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Designing a living museum experience

I think I'll go for a walk outside...

U.S. National Arboretum Mobile Application

The backstory

The National Arboretum holds a unique distinction of being a research facility but also a living museum where Washington, DC locals and visitors alike come to spend some time in the tranquility of nature within steps of the busy energy of the city.

The US National Arboretum is situated in 446 acres in the middle of Northeast Washington, DC, and has 9 miles of roadways lined with thousands of different plant species, each with interesting stories, for people to explore. The Aboretum had something to offer during every season. In spring, the Azalea collection stuns with a sea of pink, coral and purple throughout the park. During the summer, visitors some to picnic around the crape myrtles and soak in the smells of the herb garden at it’s peak. And year-round, the Capitol Columns, which original stood on the East Portico of the Capitol, are a perennial crowd favorite.

After talking to members of the National Arboretum staff, we honed in on why it was crucial to create a mobile application for visitors to the site.

The application aimed to:

  • Help improve the overall visitor experience by being a supplemental resource and provide direction and information to all visitors
  • Decrease the number of visitor requests to the information desk (because of lack of staff ability to handle all the questions)
  • Get more visitors excited about learning and exploring nature by helping them understand the value of richness of the resources.
  • Help explain the purpose of the Arboretum as a living museum and research center.

Drew's Role

  • UX Strategy
  • UX Design

  • The Process

    I worked with the wonderful team at Blue Raster and members of the Arboretum staff to make this application a reality.

    Although our priority was building a mobile application, we looked at this app as just a small part of the overall experience. Together we worked in a visioning session to define what needed to be done to improve the experience at the Arboretum and where the mobile application could help.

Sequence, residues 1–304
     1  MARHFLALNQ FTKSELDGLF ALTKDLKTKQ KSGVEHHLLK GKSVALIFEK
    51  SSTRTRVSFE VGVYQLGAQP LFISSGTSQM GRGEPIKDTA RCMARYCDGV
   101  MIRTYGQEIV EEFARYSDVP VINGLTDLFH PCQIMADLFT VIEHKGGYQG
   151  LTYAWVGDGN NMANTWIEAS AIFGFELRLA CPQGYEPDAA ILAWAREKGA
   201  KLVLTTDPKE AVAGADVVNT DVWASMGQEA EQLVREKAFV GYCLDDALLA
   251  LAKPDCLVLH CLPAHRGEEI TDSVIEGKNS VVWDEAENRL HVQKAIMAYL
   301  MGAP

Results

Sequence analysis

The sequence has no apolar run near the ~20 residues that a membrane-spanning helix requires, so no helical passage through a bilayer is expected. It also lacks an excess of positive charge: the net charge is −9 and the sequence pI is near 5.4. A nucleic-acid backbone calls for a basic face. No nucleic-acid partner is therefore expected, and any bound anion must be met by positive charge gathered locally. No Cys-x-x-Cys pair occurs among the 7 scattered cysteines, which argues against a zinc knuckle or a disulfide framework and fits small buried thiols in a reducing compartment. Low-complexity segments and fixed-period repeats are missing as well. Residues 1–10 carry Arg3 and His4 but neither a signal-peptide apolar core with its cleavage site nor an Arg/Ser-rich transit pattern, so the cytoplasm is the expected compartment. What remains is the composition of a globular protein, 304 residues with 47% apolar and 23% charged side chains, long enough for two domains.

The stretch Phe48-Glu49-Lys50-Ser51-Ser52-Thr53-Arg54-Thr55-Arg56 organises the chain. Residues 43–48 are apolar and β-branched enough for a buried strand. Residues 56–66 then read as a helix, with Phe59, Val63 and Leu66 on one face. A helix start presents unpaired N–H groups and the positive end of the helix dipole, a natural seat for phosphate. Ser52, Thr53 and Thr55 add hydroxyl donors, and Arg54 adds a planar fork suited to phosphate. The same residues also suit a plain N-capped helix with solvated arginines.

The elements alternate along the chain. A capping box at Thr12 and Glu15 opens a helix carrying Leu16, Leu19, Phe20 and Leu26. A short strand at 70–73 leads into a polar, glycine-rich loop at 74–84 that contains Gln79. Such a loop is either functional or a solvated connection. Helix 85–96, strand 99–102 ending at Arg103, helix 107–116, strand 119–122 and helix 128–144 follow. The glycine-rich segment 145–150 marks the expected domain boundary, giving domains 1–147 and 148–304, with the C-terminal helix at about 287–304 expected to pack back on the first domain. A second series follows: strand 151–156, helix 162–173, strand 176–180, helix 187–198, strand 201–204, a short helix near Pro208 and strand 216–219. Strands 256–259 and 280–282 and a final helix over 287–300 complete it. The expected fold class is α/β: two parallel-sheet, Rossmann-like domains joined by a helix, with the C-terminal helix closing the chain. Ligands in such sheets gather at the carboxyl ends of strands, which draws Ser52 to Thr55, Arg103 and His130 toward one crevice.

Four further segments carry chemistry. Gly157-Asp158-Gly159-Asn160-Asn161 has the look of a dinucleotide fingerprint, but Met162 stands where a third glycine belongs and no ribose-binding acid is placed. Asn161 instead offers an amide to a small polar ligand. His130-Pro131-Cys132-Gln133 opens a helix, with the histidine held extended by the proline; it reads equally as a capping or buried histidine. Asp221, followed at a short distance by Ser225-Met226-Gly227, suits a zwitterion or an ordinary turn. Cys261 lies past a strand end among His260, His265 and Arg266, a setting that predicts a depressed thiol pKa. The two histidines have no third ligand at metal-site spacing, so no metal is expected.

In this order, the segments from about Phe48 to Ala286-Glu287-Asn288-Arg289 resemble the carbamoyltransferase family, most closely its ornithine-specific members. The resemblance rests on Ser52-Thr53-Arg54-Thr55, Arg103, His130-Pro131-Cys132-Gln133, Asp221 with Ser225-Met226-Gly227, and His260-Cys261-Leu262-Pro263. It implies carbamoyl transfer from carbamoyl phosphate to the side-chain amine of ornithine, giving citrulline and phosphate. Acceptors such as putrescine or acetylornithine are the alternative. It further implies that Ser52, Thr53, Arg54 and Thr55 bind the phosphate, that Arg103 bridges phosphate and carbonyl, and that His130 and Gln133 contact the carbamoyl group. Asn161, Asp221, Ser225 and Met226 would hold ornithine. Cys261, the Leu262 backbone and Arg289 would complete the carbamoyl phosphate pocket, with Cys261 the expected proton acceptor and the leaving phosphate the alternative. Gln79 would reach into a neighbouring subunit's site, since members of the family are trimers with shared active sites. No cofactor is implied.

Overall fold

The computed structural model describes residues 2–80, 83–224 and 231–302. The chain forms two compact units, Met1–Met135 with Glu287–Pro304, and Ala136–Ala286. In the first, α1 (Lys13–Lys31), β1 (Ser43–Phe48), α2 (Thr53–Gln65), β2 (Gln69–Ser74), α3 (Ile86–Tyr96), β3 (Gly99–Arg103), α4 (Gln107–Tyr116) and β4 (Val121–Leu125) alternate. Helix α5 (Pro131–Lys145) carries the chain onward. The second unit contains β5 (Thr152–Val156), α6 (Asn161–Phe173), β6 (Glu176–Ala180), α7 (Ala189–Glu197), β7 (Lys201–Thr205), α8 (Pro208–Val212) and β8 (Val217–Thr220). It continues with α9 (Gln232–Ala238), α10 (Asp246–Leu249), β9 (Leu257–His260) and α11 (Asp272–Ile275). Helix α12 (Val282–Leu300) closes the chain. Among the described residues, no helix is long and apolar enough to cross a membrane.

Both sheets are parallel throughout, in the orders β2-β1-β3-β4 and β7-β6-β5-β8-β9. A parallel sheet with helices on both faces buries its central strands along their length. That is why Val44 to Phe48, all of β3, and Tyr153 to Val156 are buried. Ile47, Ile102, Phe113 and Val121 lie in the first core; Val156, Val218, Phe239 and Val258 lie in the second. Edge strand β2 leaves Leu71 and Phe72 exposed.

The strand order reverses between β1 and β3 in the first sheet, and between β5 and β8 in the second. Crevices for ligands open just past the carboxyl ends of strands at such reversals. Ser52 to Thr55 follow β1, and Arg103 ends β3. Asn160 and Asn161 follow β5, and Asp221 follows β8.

To find the answer, we started by asking the Arboretum staff about their typical day, workload, and what they love the most about being on the staff. During the conversations, we learned most of the staff was often asked the same questions over and over by visitors through the course of the day. Since these staff members worked on the grounds as scientists and researchers, not tour guides, these questions distracted them from their actual job. Hopefully, this application could make their jobs easier too.

    The End-Users

    Visitors to the Arboretum generally fell into 2 categories:

    • First time visitors
    • Primary needs: What should I see? Where should I go?

    • Repeat visitors
    • Primary need: To learn additional and new information about the Arboretum

    adventure ux

    By quickly iterating through rough sketches, we were able to explore many different directions to take before moving to wireframing and the client presentation.

    Discovery and Research

    Since this application was just a small part of the overall experience, we started to define the pieces of the current experience – the good and the bad – and what we could enhance even more and what we could improve. Because the U.S. National Arboretum is a government run institution, and unable to collect visitor data, we instead relied on the Arboretum staff, public reviews of the Arboretum and user journeys to understand the needs of visitors.